Amid the stately storefronts of historic Annapolis stands Harry Browne's, an elegant eatery that has teemed with gourmet Continental cuisine and international wines for more than 35 years. In the 1930s-era dining room, servers ferry out the restaurant's most acclaimed dishes—steaming bowls of cream of crab soup, platters piled with crab cakes, full racks of lamb, and seasonal specialties. Upstairs in the State Circle Lounge, guests sidle up to a full bar to sip craft cocktails and swirl selections from a wine list more than 100 strong.
For the past five decades, Supano’s has been luring patrons inside with a satisfying blend of music and meat. Whether by Frank Sinatra impersonators, jazz musicians, or a karaoke singer who just stubbed her toe, live tunes supplement the sounds of knives slicing into 20-ounce new york strip steaks and forks sliding into chunks of meaty lasagna. Supano's look is just as classic as its menu. Nestled in an aged brick building with a cobblestone façade, the restaurant emits an old-world vibe complete with warm lighting and photos of famous singers.
Below Supano's Steakhouse is Supano Zone. The underground sports bar fits the mold of a dream man-cave, with LED TVs that show all college games and pro-sports events. A shuffleboard table, dartboards, and a pool table welcome co-ed competition, which onlookers can cheer on while slurping down beers. The bar has long been a cherished place for hosting celebrations: after Baltimore hosted the first Grand Prix, the pro drivers lounged at Supano's and even left behind some memorabilia that is still on display.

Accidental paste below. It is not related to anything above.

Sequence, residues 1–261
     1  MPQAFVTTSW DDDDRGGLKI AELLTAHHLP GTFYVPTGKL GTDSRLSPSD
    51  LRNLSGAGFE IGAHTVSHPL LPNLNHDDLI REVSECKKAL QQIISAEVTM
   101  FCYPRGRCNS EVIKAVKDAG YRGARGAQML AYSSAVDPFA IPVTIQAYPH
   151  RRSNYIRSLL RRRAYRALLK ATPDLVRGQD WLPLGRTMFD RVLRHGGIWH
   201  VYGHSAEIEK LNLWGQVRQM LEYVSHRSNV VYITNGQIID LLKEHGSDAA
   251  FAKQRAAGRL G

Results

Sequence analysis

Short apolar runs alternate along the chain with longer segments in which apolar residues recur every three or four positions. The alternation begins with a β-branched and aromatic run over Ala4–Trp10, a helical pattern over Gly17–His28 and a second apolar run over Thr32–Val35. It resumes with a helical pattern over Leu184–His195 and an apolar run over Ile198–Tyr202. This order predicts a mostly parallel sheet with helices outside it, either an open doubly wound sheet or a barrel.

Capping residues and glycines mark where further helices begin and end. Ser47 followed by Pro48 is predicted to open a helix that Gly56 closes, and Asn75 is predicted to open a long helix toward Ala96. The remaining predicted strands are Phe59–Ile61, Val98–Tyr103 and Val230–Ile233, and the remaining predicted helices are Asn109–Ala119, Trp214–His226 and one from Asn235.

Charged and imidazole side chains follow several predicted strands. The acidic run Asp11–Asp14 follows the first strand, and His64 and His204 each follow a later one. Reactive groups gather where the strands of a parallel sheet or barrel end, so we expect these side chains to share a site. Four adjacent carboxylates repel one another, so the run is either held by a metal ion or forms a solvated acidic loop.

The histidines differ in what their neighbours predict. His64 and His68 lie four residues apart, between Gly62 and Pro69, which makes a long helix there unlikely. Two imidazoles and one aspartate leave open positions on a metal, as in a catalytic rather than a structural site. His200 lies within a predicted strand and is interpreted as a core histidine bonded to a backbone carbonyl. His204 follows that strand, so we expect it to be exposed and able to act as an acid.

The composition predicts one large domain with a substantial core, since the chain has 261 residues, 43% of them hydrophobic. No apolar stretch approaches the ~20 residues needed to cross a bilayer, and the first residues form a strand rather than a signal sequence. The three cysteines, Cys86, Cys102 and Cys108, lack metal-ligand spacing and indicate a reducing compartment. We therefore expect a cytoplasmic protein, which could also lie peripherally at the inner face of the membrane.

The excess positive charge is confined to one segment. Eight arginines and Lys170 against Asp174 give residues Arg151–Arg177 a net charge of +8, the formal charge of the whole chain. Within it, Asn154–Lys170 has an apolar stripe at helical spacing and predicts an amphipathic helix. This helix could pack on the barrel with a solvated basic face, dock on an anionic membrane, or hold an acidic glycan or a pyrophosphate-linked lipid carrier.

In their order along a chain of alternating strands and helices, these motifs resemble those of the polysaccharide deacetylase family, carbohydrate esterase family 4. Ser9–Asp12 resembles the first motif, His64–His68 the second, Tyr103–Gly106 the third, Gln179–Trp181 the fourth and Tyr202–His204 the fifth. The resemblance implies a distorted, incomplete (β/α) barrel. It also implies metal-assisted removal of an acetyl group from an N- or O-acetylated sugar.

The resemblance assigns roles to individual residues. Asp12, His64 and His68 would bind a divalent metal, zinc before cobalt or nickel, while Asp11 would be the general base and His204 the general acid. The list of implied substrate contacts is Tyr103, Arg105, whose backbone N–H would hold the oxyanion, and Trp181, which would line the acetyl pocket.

Distinguishing itself as one of Baltimore magazine's Best Restaurants in 2010, The Prime Rib invokes the memory of elegant 1940s Manhattan supper clubs with its tuxedoed wait staff, opulent dining room, and extensive menu of succulent steaks and fresh seafood. Prime palates with appetizers such as the maine lobster bisque ($9.95) before rising to larger-portioned plates built on USDA Prime steaks in a range of sizes, from the 8-ounce petite filet mignon ($40.95) to the 12-ounce New York strip ($42.95) and the 12-megaton Las Vegas Strip.
Over the roaring, 1,800-degree char grill, the chefs of Greystone Grill sear medallions of beef, soused in peanut sauce. They also sizzle freshly caught filets of mahi-mahi and ahi tuna alongside blackened shrimp, in addition to grilling skewers of rosemary-marinated chicken. Their selection of 'green' wines from vineyards that grow the fruit for vinos without use chemicals or pesticides includes Californian chardonnays and an Argentinean malbec. The Greystone staff also maintains a wine room with audio-visual and Internet capabilities, allowing for multimedia presentations. The staff renders the eatery comfortable for guests by decorating the interior with sleek wood accents and elegant stonework and barring the cast of any Stephen King movie from staring at you while you eat.
Originally founded in the summer of 1969 in Bridgehampton, New York, Bobby Van’s Grill has since expanded to nine locations throughout New York and Washington, DC. Inside each kitchen, executive chefs oversee a menu built on plates of Prime dry-aged USDA beef, fresh seafood, and organic chicken. Servers ferry dishes amid each restaurant's similar but distinctly unique decor of private dining rooms and wine rooms furnished with white tablecloths.
In Washington, DC's New York Avenue location, diners savor their lobster cocktails and veal chops amid marble columns, grand mirrors, and babbling fountains that casually ask them if they're going to finish that. The 15th Street steak house lets visitors wine and dine alfresco on the sidewalk patio, located just one block from the White House.